About 100 feet from the bridge is ski instructor Marvie Campbell’s small white farmhouse. She witnessed the original structure travel down the river after it came off its pilings, so she’s overjoyed to see its successor materialize so quickly. “I look straight through the length of the bridge’s interior from my bedroom,” she said. “I’d been looking through the old one for over 40 years, and I’m just so happy the new one is there.”
Now considered the longest single-span Town lattice truss bridge in existence, at 168 feet end to end, the re-created Bartonsville Bridge glows with the warmth of freshly cut Douglas fir, yellow pine and oak, with more than 2,000 locally hand-turned, square-headed trunnels, or pins, holding the lattice-work in place — some skewering 26-inch-thick layers of wood. To drive across it is a thrill; to walk through it, a symbolic stroll into Vermont’s past that offers an uplifting sense of its future. On bright days, the filigree of light within the structure splinters into an almost kaleidoscopic, Escheresque corridor. In snow or rain, its sheltering might alone is sublime.
An ideal centerpiece to a Vermont getaway, Bartonsville, with its bold new bridge, is encircled by villages that offer all the key elements of a visually, historically and artisanally satiating visit — restaurants, cafes, pubs, porched inns, bookstores, galleries, shops and farms offering everything from locally produced microbrews, maple syrup, cheeses and jams to sweaters, jewelry, paintings and pottery. Though all were chartered at around the same time, in the mid- to late-1700s, each community has a distinct character and aesthetic.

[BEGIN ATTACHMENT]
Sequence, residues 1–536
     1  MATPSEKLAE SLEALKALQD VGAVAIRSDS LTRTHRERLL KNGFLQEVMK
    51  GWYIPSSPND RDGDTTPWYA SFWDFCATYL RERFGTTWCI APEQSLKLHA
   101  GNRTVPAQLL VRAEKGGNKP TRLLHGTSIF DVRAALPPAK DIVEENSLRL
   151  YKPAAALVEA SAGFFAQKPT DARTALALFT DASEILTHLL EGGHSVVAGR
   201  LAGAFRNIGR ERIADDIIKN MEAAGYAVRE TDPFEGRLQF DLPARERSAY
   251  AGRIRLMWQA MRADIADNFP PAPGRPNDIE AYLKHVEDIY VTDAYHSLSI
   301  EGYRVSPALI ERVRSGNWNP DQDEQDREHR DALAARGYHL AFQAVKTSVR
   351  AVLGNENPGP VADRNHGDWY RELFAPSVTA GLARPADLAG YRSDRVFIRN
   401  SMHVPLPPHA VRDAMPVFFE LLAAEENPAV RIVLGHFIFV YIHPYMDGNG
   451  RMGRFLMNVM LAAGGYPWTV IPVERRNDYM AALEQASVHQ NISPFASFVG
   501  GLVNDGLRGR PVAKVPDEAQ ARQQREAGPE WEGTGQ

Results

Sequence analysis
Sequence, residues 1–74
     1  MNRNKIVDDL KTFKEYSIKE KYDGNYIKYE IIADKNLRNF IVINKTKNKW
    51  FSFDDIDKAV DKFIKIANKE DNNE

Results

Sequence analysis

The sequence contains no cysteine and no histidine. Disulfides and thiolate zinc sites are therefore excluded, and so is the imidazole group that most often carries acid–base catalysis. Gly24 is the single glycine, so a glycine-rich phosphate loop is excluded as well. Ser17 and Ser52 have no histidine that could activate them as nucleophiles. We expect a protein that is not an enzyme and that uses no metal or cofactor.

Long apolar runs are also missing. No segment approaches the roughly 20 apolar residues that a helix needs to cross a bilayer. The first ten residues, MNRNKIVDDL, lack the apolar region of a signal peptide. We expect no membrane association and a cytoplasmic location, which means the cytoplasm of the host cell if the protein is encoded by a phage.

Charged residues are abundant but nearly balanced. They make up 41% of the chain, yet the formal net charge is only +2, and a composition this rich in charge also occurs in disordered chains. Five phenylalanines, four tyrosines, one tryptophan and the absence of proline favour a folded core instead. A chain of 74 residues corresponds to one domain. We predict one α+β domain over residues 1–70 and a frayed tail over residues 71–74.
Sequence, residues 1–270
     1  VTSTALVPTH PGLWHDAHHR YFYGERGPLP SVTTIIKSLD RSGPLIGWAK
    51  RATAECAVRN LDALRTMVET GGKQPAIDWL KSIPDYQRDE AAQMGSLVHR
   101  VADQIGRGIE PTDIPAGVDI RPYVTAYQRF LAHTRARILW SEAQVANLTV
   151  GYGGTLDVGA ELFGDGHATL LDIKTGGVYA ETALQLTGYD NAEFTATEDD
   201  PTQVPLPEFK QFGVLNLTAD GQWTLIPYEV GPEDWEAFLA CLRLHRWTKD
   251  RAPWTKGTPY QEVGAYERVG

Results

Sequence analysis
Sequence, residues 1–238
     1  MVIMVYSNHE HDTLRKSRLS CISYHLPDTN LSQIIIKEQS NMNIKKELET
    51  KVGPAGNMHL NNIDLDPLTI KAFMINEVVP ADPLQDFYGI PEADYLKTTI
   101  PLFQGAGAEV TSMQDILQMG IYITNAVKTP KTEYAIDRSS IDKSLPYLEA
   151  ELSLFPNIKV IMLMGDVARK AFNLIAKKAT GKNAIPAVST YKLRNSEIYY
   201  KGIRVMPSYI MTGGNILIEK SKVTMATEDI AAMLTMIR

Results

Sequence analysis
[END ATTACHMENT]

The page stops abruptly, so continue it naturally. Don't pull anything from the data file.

A few miles north of Bartonsville is Chester, a classic New England destination, complete with village green and gazebo. Just south is Grafton, a tiny enclave of archetypal white Colonial homes with black shutters, great Nordic skiing and cycling trails. To the east is Saxtons River, with a dramatic rocky gorge, a historical society, a Civil War-era cemetery and famed Fourth of July celebrations. Not far beyond that is Bellows Falls, a former paper mill town that is now a thriving art, music and literary community, and the Vermont Country Store conveniently located en route from there back to the bridge.
Another way to experience the Bartonsville Bridge is on the Green Mountain Flyer, an antique train running right past it on sightseeing trips between Chester and Bellows Falls. By autumn, locals plan to have installed an information kiosk next to the bridge, built with wood from the old one, showcasing descriptions and images of it, along with the story of its successor.
Be prepared, though — you might fall in love and never leave.
Guyon is a travel, culture and art writer in Vermont.